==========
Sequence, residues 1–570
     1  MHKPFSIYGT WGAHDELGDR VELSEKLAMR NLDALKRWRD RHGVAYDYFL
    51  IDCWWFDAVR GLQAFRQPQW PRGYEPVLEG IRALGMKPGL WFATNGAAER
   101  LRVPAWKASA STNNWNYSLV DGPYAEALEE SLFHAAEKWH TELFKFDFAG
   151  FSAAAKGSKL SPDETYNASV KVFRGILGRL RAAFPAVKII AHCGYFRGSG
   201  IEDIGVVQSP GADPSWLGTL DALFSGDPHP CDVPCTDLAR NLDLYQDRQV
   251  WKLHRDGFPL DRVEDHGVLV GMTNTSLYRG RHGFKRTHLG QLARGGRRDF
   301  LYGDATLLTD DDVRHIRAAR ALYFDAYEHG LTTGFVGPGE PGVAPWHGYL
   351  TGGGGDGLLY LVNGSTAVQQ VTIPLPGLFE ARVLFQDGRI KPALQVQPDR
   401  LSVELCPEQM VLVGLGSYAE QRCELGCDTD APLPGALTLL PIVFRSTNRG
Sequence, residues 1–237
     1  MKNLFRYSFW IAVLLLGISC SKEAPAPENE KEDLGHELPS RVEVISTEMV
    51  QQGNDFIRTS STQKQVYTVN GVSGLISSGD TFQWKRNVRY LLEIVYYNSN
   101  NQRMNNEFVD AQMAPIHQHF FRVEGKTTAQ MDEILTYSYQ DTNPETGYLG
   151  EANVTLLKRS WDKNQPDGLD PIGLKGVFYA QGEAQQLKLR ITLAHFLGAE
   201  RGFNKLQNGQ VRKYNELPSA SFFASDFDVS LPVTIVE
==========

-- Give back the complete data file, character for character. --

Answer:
Sequence, residues 1–570
     1  MHKPFSIYGT WGAHDELGDR VELSEKLAMR NLDALKRWRD RHGVAYDYFL
    51  IDCWWFDAVR GLQAFRQPQW PRGYEPVLEG IRALGMKPGL WFATNGAAER
   101  LRVPAWKASA STNNWNYSLV DGPYAEALEE SLFHAAEKWH TELFKFDFAG
   151  FSAAAKGSKL SPDETYNASV KVFRGILGRL RAAFPAVKII AHCGYFRGSG
   201  IEDIGVVQSP GADPSWLGTL DALFSGDPHP CDVPCTDLAR NLDLYQDRQV
   251  WKLHRDGFPL DRVEDHGVLV GMTNTSLYRG RHGFKRTHLG QLARGGRRDF
   301  LYGDATLLTD DDVRHIRAAR ALYFDAYEHG LTTGFVGPGE PGVAPWHGYL
   351  TGGGGDGLLY LVNGSTAVQQ VTIPLPGLFE ARVLFQDGRI KPALQVQPDR
   401  LSVELCPEQM VLVGLGSYAE QRCELGCDTD APLPGALTLL PIVFRSTNRG
Sequence, residues 1–237
     1  MKNLFRYSFW IAVLLLGISC SKEAPAPENE KEDLGHELPS RVEVISTEMV
    51  QQGNDFIRTS STQKQVYTVN GVSGLISSGD TFQWKRNVRY LLEIVYYNSN
   101  NQRMNNEFVD AQMAPIHQHF FRVEGKTTAQ MDEILTYSYQ DTNPETGYLG
   151  EANVTLLKRS WDKNQPDGLD PIGLKGVFYA QGEAQQLKLR ITLAHFLGAE
   201  RGFNKLQNGQ VRKYNELPSA SFFASDFDVS LPVTIVE